Primase (RNA polymerase): It synthesizes short strands of RNA (primers) that are complementary to the DNA
  20. This enzyme in DNA replication synthesizes the new strands of DNA complementary to the original. It works directly with Primase.
    DNA polymerase III: Using a template from original strand, it adds nucleotides to the 3' en of the growing strand.
  21. T or F: DNA polymerase can begina  strand by itself.
    False: It is primed by Primase (RNA polymerase), meaning it is provided with a starting place.
  22. This enzyme in DNA replication cleans out RNA out of the new DNA. How does it do this?
    DNA polymerase I: It removes the RNA primers and replaces them with new DNA
  23. This enzyme in DNA replication seals the breaks in the backbone of the new DNA strand. How does it do this?
    DNA ligase: It catalyzes the formation of covalent bonds along with the sugar phosphate backbone between the fragments.
  24. Explain lactic acid fermentation.
    • After glycolysis (2 pyru, 2 ATP, and 2 NADH). The NADH transfers its electrons back to pyruvate.
    • Pyruvate is acting as the electron acceptor, and is reduced to lactic acid.
    • NAD is regenerated and glycolysis can occur again.
  25. When does ethanol fermentation occur and what occurs?
    • Occurs after glycolysis: carbon is removed from pyruvate as CO2, meaning it is decarboxylated (carbon is removed)
    • It becomes acetaldehyde
    • Acetaldehyde serves as the electron acceptor and becomes ethanol
  26. Anabolism is ____, and catabolism is _____. (Endergonic/exergonic)
    • Anabolism is endergonic
    • Catabolism is exergonic
  27. What is the overall reaction for the pentose phosphate pathway?
    Glucose 6-phosphate + 2 NADP+ + H2O → ribulose 5-phosphate + 2 NADPH + 2 H+ + CO2
  28. What is the chemical reaction of turning pyruvate to Acetyl-CoA?
    • Pyruvate (a 3 carbon chain) is decarboxylated (loses a carbon in the form of CO2).
    • The two remaning carbons are attached to coenzyme A.
    • NAD is reduced to NADH.
  29. What is substrates and end products of kreb's cycle?
    • Substrate: Pyruvate turns into acetyl CoA
    • End Products: 
    • 6 CO2
    • 8 NADH
    • 8 H+
    • 2 FADH
    • 2 ATP
    • h2o
  30. Glycolysis substrates and end products?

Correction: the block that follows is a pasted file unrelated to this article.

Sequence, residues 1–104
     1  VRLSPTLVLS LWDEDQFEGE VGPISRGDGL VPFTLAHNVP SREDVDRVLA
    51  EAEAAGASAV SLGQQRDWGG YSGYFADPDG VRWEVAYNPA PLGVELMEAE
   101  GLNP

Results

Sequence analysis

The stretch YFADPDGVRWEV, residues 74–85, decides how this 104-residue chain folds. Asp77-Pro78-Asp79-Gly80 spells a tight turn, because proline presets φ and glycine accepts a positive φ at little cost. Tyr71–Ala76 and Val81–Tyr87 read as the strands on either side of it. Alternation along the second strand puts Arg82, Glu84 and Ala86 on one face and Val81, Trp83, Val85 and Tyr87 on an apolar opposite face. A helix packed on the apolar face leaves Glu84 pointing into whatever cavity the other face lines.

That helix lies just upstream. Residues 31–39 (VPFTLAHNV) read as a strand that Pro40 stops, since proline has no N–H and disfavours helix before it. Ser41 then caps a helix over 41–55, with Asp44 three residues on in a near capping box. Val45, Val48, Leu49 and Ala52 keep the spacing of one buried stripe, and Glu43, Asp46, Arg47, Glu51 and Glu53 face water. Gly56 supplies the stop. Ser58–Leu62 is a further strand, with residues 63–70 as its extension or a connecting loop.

• Sub: 
    • Glucose
    • 2 ATP
    • 2 ND
    • EP:
    • 2 pyruvate
    • 2 NADH
    • 2 ATP
  31. Ethanol fermentation sub and end products?
    • Sub: 
    • 2 pyruvate
    • 2 NADH
    • EP:
    • Pyru -> acetlldehyde -> 2 ethanol
    • 2 NAD
  32. Lactic acid fermentation sub and end products?
    • Sub:
    • 2 pyruvate
    • 2 NADH
    • EP:
    • 2 lactic acid
    • 2 NAD
  33. ETC sub and end products?
    • Sub:
    • NADH
    • FADH
    • EP:
    • ATP
    • NAD + FAD
    • H2O
  34. This metabolic pathway changes glucose to pyruvate, produces no ATP, but receives carbon backbone for cells.
    Pentose phosphate pathway
  35. What is glucose also known as?
    Embden-Meyerhof Pthway: the six-carbon backbone of lucose is split into two 3-carbon molecules
  36. The ATP made during glycolysis is made by a process called ____.
    Substrate-level phosphorylation: addition of a phosphate (ADP -> ATP)
  37. What are the two substrates of pentose phosphate pathway?
    • 1. Ribose-5-phosphte
    • 2. NADPH
  38. What is the primary role of NADPH synthesized in the pentose phosphate pathway?
    • Primary role is donting electrons, which is important for anabolic reactions (reducing power)
    • Also important for maintaining anti-oxidants
  39. Wht is an alterntive to the embden-meyerhof pathway(EMP)? What are its substrates and end products?
    • Some prokaryotes will go through the Entner-Duodoroff Pathway (EDP). 
    • Initially in EMP, the end products will have 2 pyruvates.
    • In EDP, it will hve 1 pyruvate and  glyceraldehyde 3-phosphate.
    • The G3P will further catabolized to another pyruvate + 2 ATP + NAD -> NADH
    • So the equation will be
    • Glucose + ATP -> 1 pyruvate + Glyceraldehyde 3-phosphate -> Original Pyruvate + Another pyruvate + 1 Net ATP + NADH
  40. What is the substrate and end products of the pentose phosphate pathway?
    Glucose 6-phosphate + NADP + H2O -> CO2 + NADPH + H ions + Pi
  41. This protein in the ETC membrane allows potential energy from the proton motive force to be transferred to ATP.
    It allows the H+ to diffuse back across the membrane, catalyzing the formation of ADP and P ->ATP.
    ATP Synthase